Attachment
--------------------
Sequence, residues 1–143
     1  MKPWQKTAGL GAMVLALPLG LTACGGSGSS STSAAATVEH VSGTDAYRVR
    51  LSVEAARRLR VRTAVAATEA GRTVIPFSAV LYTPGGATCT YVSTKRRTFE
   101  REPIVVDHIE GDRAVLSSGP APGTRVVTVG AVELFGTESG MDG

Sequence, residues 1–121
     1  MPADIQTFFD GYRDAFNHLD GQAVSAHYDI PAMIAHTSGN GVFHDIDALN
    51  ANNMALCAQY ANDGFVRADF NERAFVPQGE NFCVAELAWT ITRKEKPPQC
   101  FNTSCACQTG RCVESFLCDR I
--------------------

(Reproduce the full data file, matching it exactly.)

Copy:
Sequence, residues 1–143
     1  MKPWQKTAGL GAMVLALPLG LTACGGSGSS STSAAATVEH VSGTDAYRVR
    51  LSVEAARRLR VRTAVAATEA GRTVIPFSAV LYTPGGATCT YVSTKRRTFE
   101  REPIVVDHIE GDRAVLSSGP APGTRVVTVG AVELFGTESG MDG

Sequence, residues 1–121
     1  MPADIQTFFD GYRDAFNHLD GQAVSAHYDI PAMIAHTSGN GVFHDIDALN
    51  ANNMALCAQY ANDGFVRADF NERAFVPQGE NFCVAELAWT ITRKEKPPQC
   101  FNTSCACQTG RCVESFLCDR I